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Fishing With a Pepper...

  by A.C. Becker, Jr.

East Bay is the third largest major bay within the Galveston Estuary, It is also the best sportfishing bay of the upper Texas Coast. But that's true only if you know what, where and how to fish it. The fishing is most consistent from spring through the fall. It is inconsistent during the winter, but if you know when and where to go, winter fishing can be bonanza time for speckled trout, especially six to nine pound trophies, and keeper redfish. My personal trophies from West Bay include a 10.1 pound speckled trout and an 8.6 pound flounder. Down through the years the bay has yielded one state record sheepshead and three consecutive state record flounder.

The bay is best understood when one converses with people who have spenta lifetime fishing it. Two such people are Lloyd and Cookie Pepper, a man and wife Galveston Island guide team that has fished West Bay exclusively since 1957. Cookie, who started guiding professionally in 1973, specializes in drift fishing and fishing the birds. She has a 9 1/2 pound speckled trout and 48 inch redfish to her credit from West Bay. Lloyd guides the same kind of fishing but he prefers wadefishing. His West Bay trophies include an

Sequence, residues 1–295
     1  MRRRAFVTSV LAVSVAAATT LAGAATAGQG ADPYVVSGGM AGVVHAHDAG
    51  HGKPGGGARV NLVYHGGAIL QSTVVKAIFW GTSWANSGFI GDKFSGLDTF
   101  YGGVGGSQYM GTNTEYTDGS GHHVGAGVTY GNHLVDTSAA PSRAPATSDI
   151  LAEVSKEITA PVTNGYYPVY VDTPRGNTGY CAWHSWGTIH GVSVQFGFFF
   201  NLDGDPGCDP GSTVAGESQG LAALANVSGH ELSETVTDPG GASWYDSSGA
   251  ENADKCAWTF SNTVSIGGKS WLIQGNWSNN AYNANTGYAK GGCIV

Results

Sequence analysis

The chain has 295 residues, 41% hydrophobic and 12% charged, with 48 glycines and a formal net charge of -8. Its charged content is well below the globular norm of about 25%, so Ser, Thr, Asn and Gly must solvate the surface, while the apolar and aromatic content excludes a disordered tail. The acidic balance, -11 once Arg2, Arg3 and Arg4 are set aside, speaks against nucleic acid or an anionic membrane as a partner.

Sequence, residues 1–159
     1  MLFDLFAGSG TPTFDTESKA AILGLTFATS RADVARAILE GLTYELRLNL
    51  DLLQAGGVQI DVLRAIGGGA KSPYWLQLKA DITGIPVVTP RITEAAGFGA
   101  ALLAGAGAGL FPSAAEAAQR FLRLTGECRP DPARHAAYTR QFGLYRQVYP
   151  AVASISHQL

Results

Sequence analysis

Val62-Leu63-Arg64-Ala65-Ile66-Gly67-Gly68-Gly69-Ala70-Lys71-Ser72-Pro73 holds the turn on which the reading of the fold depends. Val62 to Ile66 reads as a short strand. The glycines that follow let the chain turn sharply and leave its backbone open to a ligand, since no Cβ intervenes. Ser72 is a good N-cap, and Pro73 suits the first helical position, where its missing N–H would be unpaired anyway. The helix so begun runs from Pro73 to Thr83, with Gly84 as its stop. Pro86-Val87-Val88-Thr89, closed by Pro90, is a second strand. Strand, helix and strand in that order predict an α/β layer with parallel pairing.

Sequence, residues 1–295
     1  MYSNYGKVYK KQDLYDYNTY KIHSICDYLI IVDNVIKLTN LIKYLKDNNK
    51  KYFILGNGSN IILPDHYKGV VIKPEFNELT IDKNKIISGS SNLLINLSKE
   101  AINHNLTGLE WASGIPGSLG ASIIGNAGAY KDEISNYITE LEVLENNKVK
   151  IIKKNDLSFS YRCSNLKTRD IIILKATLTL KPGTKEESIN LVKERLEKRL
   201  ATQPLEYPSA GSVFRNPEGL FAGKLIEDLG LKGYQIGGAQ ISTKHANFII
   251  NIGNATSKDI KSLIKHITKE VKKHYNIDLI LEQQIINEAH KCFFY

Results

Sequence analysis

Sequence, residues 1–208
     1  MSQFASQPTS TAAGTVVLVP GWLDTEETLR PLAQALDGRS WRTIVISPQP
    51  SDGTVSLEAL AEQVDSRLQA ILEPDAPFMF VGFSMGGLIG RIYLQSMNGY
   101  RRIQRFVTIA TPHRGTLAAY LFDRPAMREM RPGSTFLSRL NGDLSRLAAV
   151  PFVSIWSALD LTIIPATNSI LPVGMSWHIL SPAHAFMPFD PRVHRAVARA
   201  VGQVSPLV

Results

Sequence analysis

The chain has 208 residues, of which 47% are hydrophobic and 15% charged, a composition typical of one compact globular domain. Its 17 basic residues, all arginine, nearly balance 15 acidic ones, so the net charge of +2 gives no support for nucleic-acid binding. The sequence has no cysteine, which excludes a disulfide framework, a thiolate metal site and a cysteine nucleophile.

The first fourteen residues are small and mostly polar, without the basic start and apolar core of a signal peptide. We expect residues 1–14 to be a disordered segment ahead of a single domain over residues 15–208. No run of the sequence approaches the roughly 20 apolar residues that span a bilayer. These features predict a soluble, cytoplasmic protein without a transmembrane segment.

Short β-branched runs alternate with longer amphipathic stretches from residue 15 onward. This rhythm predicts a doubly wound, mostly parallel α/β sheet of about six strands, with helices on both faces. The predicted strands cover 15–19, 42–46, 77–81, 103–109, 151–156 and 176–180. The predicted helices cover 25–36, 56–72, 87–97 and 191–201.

8 1/2 pound speck and a 25 pound redfish. When not on the water fishing, Lloyd spends his time building custom fishing rods.

"The bay is nothing like it was when we started fishing it in 1957," Lloyd says. "The in and out flow of the water at San Luis Pass has changed very much since the building of the San Luis Pass Bridge. The Pass is getting narrower and the only deep holes behind it are on the curves opposite the KOA Camp, Cold Pass, Mud Island and Bird Island. The water over the bars is getting shallower, and that makes for poor fishing on fast incoming tides because the water becomes so sandy. The best fishing is on a slow moving outgoing tide."

The best fishing in the vicinity of the Pass starts in April and continues through October. Experience shows the east part of the bay from Carancahua Reef and into deep water Offatts Bayou and the Crash Boat Basin is from late fall through the following March.